In reference to Figure 1, for each n, the left column is the start-end of the bridge and the right column is the destination-end of the bridge. The chronology of the problem is read from top to bottom of the table for each n. The right-pointed arrow indicates the action of crossing the bridge toward the destination-end with the accompanying number seen in the same row denotes the time taken by the slower person of the pair crossing the bridge. Likewise, the left-pointed arrow indicates of crossing back to the start-end. T(n) is the function of the total time taken of the solution with n persons. It is shown that the solution for n = 2, 3, 4, 5, 6, 7, 8 and 9 is T(n) = 2, 6, 11, 16, 22, 28, 35 and 42, respectively. The most crucial part of the visualization is the recurrence of a smaller T(n) after every four moves of the solution of the problem for any given n. This is the consequential bit of the nature of the logic solution in the following derivations of its mathematical expressions.
Skipping some mathematical workings that you can find in the actual paper, presented below is the general vector form of the game mechanics of the logic solution to the bridge and torch problem,
Equation (2) is a complete general form of Equation (1) with determined third and fourth terms. However, this has made Equation (2) restricted to domains such that n is equal to or greater than 4. Also, this has called forth for the ad hoc assumptions of T(2) = 2, T(3) = 3 + 3, T(1) = 0 and T(0) = 0. All of which, we will look into it in the following derivations.
In regards to the derivation of the mathematical expressions describing the logic solution of the bridge and torch problem for any given arbitrary n-persons of the dilemma, we may separately derive an equation for even-valued n and for odd-valued n. This is for the reason of the existence of the constant, 2 and the term, [3+3] in the even-valued n and in the odd-valued n, respectively. It is also certainly for the reason that the parity of n does have its own unique progression or series—as we have seen in the previous part and that, we will look into it in the following steps.
Even-valued n Problem
As usual, mathematical derivations can be very nasty to laypersons–that which one can refer to all of it in the actual paper. Going straight to the result that we derived for the even-valued n problem, presented below is the mathematical expression of the logic solution to the bridge and torch problem for even-valued n-persons in the dilemma,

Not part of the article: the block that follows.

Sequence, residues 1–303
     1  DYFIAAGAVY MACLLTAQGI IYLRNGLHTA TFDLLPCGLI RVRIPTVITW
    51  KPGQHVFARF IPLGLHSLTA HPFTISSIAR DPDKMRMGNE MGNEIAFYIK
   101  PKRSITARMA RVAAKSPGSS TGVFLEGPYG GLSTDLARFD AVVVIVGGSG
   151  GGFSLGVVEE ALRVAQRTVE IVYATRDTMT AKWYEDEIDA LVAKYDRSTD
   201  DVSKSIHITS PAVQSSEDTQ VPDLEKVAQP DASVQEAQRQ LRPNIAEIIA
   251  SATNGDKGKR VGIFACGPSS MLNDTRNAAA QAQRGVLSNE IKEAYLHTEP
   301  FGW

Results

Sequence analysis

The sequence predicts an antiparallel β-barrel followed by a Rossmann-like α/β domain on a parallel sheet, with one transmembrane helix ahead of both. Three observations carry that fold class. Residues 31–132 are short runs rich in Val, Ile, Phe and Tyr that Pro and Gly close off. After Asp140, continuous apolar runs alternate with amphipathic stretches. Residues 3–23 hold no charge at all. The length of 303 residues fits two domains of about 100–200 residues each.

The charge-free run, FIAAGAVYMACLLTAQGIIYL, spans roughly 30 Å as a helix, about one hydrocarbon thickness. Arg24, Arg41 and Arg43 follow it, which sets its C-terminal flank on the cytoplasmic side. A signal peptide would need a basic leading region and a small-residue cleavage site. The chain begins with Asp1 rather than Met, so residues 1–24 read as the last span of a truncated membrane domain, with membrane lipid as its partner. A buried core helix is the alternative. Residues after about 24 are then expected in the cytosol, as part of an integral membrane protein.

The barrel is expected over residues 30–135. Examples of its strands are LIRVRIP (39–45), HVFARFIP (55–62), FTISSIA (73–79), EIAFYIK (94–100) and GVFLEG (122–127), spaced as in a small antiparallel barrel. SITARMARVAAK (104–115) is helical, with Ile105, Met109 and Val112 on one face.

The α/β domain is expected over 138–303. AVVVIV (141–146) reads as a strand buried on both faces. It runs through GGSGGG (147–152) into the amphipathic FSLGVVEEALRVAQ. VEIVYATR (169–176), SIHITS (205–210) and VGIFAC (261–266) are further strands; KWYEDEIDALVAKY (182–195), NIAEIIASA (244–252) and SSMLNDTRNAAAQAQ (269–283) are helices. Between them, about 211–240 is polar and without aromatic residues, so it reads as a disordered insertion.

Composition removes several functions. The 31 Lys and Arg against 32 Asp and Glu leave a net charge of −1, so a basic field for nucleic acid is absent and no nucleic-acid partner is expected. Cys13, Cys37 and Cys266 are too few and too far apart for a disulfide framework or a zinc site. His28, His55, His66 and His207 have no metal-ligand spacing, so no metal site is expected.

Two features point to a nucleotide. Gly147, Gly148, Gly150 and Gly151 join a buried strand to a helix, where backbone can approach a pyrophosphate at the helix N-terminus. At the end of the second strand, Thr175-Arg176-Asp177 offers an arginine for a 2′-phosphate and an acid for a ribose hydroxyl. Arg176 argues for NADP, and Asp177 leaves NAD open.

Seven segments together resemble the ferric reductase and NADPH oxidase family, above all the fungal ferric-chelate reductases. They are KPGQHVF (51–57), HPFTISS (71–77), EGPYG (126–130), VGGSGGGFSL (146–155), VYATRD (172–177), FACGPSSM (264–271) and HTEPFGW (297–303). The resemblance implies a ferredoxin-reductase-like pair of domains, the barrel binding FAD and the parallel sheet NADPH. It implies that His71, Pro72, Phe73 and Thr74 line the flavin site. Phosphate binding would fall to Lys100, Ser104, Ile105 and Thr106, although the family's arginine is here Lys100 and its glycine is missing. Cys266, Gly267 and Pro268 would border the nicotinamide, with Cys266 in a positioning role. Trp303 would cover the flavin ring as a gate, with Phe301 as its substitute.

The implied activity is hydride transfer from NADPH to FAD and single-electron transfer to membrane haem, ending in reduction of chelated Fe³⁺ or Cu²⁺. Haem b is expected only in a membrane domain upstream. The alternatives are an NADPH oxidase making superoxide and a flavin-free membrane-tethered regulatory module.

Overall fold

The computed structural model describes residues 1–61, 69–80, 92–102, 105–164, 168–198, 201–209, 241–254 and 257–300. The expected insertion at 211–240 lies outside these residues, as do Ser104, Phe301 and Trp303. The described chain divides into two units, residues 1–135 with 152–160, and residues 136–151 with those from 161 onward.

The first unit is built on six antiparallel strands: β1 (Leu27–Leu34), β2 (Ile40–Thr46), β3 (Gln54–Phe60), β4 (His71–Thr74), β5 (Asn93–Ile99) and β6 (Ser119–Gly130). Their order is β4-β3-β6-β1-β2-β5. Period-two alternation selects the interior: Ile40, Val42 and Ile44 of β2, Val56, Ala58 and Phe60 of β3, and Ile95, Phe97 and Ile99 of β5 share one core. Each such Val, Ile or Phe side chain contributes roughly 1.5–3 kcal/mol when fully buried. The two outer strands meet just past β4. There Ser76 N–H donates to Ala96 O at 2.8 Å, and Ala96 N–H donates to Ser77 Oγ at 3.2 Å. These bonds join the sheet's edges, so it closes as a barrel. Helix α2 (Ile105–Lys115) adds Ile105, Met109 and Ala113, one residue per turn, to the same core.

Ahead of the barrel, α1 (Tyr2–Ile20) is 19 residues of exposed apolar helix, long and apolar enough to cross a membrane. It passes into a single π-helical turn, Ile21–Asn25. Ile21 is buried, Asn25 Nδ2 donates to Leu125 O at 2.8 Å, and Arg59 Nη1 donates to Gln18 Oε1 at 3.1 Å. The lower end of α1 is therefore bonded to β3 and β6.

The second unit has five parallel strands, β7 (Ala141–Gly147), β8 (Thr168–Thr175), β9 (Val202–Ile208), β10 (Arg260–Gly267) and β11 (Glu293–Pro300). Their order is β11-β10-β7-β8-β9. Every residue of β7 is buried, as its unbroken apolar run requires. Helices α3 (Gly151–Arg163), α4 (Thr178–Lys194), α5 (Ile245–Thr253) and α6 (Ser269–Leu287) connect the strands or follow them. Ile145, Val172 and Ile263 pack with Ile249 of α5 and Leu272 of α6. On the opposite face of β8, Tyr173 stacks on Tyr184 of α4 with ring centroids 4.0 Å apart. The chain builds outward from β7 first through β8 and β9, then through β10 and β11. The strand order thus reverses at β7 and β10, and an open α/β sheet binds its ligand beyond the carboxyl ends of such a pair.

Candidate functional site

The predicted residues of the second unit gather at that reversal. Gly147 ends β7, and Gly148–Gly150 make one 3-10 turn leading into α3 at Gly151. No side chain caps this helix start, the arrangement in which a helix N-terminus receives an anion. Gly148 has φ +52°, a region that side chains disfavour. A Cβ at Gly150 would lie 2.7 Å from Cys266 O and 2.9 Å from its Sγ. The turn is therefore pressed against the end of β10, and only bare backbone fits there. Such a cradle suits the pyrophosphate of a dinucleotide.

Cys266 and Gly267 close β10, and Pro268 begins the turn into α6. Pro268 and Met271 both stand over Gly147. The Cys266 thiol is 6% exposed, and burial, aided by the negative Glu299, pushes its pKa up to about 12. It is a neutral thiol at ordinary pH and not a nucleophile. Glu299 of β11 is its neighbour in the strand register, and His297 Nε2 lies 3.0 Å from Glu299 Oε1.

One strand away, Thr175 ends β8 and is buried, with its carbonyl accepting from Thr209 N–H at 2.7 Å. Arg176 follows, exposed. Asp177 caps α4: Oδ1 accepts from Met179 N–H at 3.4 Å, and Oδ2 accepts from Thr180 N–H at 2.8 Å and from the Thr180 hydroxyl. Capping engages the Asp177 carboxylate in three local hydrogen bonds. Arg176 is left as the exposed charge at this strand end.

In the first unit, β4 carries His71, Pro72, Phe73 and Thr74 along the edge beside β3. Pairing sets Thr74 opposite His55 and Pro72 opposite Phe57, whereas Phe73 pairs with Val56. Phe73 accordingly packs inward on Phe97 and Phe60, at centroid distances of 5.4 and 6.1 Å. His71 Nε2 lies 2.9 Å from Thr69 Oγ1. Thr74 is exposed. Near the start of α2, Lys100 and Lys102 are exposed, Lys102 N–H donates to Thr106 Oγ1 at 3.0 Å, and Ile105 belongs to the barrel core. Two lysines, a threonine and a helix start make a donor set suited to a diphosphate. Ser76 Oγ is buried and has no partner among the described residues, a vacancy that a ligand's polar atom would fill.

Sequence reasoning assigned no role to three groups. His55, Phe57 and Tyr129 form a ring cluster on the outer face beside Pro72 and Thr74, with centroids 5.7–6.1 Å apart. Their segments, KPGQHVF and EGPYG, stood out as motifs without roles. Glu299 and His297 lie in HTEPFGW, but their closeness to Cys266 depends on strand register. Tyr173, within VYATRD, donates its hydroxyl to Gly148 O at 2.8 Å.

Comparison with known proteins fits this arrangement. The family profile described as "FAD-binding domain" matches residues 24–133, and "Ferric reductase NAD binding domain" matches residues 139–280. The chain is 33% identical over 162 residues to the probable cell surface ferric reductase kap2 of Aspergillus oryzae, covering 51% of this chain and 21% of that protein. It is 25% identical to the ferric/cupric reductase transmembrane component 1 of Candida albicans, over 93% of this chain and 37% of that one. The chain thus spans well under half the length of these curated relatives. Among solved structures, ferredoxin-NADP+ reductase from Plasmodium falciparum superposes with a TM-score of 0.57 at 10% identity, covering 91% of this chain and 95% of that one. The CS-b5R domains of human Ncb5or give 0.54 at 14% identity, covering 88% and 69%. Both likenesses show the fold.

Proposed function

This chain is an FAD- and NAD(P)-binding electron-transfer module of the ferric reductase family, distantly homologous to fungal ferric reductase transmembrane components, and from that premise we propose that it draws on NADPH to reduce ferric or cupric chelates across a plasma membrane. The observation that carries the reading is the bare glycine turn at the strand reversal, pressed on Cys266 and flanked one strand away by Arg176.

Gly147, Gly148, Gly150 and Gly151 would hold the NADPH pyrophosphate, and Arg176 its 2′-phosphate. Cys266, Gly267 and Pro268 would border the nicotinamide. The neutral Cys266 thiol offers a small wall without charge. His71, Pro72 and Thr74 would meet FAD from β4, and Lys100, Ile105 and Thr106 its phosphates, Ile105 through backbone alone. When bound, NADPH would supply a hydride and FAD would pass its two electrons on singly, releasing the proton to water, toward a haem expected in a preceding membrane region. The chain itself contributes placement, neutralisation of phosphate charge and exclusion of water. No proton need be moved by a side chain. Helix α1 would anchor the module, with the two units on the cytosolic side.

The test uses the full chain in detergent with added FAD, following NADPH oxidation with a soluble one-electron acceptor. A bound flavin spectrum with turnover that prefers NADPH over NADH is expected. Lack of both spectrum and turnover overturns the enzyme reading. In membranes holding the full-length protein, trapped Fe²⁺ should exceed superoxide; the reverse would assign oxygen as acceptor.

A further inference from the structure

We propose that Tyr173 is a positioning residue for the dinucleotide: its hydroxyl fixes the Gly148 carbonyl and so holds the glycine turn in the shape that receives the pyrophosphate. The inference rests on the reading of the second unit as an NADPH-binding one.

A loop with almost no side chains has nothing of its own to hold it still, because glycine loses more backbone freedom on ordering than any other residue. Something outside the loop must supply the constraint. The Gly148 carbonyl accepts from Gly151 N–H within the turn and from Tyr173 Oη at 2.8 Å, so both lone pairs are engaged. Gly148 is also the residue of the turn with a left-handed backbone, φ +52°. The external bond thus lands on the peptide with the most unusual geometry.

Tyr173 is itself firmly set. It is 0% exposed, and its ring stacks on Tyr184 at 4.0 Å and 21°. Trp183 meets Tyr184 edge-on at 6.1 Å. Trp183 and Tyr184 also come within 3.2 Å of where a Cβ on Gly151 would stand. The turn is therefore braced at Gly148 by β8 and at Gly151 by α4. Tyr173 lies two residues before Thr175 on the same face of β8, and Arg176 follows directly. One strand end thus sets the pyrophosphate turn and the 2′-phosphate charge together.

Odd-valued n Problem
Likewise, for interested readers, all the derivations can be perused in the actual paper. Below is the mathematical expression of the logic solution to the bridge and torch problem for odd-valued n-persons in the dilemma,
Going back to the square one, the bridge and torch problem is a classical puzzle by which the shortest time possible of n-people to safely crossing the bridge is to be solved. There are three major dilemmas in the bridge and torch problem. Firstly, the setting is at night-time and thus the torch is needed for crossing the bridge to and fro but it has a finite burning period that which just a tad bit greater than the supposed possible shortest time taken of the solution. Secondly, the bridge can only safely support two persons at a time. The last dilemma, for any given n-persons, every person crosses the bridge at a different level of speed and the pair crosses the bridge at a time follows the pace of the slower one. Commonly, the problem presents the people’s crossing speed in a consecutive counting manner with the starting unit usually of 1. For convenience, the paper applies the same assumptions when tackling the problem. In the result, the paper has made into fruition of three major derivations from the existing logic solution. Equation (1) and Equation (2) are of the same general form and describe the general game mechanics of the existing logic solution through vectors. Equation (3) expresses the final total time taken by even-valued n-persons. Equation (4) expresses the final total time taken by odd-valued n-persons. All mathematical expressions derived in the paper is expressed in T(n) as a function n. Where, T(n) is the final total time taken by n-persons crossing the bridge under said dilemmas, and n is any given arbitrary number of persons in the problem.